Author:Chad Curtis, Chemical Engineering, UW Seattle
Abstract:The COVID-19 pandemic has required instructors to implement creative solutions to adapt curriculum for the remote setting. This is particularly true for lab-based courses. Our chemical engineering unit operations course traditionally involves large pieces of equipment such as heat exchangers and pumps. Hands-on experience with such equipment is vital to chemical engineering education whether students enter a career path in industry or academia.
Because the hands-on experience is so crucial, we chose to adapt our labs using miniaturized take-home kits, as opposed to instructors recording labs in-person for students to watch. For example, instead of examining fluid flow driven by a pump, students use gravity-driven flow through a 3d-printed microfluidics device. All experiments can be carried out safely at home on a kitchen counter. While this approach does sacrifice the use of heavy equipment that would be encountered in industry, the fundamental heat and mass transfer concepts at the heart of each lab are clearly demonstrated. Furthermore, we supplemented instruction with app-based simulations and a guest lecture series to make the connection to industry explicit.
Despite students being disappointed in missing out on in-person labs, the majority of students indicated in a mid-quarter survey that the kit adaptations were helpful to their learning (55%, n=22). Guest lectures from representatives in industry and academia received strong positive feedback from students. Two common themes we noted in student feedback were an appreciation for the relevance of coursework to engineering careers and helpful career advice. Furthermore, miniaturizing the unit operations lab will likely be adopted in future in-person settings to economize space.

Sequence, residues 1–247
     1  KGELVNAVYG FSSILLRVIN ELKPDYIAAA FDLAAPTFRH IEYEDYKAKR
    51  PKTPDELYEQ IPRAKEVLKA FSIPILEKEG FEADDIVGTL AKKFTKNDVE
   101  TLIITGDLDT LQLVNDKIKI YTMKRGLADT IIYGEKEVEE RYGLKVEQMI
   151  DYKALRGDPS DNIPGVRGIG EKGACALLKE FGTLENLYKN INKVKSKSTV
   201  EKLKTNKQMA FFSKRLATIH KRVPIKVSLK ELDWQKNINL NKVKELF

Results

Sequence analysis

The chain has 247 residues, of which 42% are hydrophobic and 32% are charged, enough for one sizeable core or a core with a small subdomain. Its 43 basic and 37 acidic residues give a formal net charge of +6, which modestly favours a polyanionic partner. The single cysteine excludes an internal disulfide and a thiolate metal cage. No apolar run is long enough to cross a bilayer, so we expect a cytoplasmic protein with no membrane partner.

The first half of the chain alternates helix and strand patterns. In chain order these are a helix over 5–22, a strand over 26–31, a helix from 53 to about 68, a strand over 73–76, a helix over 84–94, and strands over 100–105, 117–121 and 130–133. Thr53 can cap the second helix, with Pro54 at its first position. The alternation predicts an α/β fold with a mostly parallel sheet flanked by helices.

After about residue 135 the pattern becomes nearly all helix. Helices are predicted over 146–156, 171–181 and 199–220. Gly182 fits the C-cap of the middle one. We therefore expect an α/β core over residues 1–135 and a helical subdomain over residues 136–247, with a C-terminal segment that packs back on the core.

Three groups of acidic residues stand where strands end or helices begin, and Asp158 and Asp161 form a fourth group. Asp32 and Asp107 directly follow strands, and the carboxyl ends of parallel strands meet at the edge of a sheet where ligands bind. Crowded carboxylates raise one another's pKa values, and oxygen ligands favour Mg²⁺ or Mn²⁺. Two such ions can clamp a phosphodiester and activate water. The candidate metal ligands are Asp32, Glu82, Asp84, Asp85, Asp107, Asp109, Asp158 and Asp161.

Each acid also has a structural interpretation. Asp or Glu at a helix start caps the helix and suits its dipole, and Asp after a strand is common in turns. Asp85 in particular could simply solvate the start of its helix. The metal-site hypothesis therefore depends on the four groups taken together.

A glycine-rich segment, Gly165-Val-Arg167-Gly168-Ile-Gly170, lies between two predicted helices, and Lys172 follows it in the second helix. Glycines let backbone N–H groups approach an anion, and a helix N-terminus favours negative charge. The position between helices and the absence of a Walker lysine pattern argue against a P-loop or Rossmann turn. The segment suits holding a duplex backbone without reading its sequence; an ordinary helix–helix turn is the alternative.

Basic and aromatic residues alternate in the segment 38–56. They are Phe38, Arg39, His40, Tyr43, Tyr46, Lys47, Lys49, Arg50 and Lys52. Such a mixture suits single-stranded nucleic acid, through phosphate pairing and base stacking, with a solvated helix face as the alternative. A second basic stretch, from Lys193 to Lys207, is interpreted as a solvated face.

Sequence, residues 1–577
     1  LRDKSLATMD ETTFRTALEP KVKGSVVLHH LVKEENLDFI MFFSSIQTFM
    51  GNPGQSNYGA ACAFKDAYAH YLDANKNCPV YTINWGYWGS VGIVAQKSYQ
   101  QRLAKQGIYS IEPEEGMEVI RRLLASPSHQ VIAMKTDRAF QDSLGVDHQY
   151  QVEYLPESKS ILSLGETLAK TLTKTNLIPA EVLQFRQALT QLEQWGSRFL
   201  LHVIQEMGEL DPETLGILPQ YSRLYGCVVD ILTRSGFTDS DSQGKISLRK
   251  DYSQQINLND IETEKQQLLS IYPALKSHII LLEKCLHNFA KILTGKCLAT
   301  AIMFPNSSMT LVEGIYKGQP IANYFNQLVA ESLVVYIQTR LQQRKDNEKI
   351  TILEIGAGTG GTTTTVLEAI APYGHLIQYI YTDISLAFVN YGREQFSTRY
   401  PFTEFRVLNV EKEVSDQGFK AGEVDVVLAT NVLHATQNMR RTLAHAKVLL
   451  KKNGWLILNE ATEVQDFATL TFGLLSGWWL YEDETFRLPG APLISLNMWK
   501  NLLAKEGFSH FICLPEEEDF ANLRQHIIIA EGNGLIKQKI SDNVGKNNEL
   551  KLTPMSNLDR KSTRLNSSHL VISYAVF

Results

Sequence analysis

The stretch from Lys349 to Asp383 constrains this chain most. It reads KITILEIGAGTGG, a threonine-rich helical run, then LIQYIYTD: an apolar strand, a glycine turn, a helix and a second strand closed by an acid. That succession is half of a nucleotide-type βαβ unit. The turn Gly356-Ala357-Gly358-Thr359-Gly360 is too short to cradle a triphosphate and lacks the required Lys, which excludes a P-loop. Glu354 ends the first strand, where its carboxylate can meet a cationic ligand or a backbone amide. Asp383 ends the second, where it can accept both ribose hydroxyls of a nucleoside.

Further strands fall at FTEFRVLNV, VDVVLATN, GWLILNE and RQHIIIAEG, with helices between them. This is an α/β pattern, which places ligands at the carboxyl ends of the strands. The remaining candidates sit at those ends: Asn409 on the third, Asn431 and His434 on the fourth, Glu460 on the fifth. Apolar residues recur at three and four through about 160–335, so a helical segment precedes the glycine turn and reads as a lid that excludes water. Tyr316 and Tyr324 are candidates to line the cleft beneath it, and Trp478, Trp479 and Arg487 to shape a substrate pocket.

Lab kits can be widely applied outside engineering disciplines. Instructors must perform a cost-benefit analysis weighing priorities including hands-on experience and direct relevance. Additionally, guest lectures are a low-cost high-reward adaption for the remote classroom.
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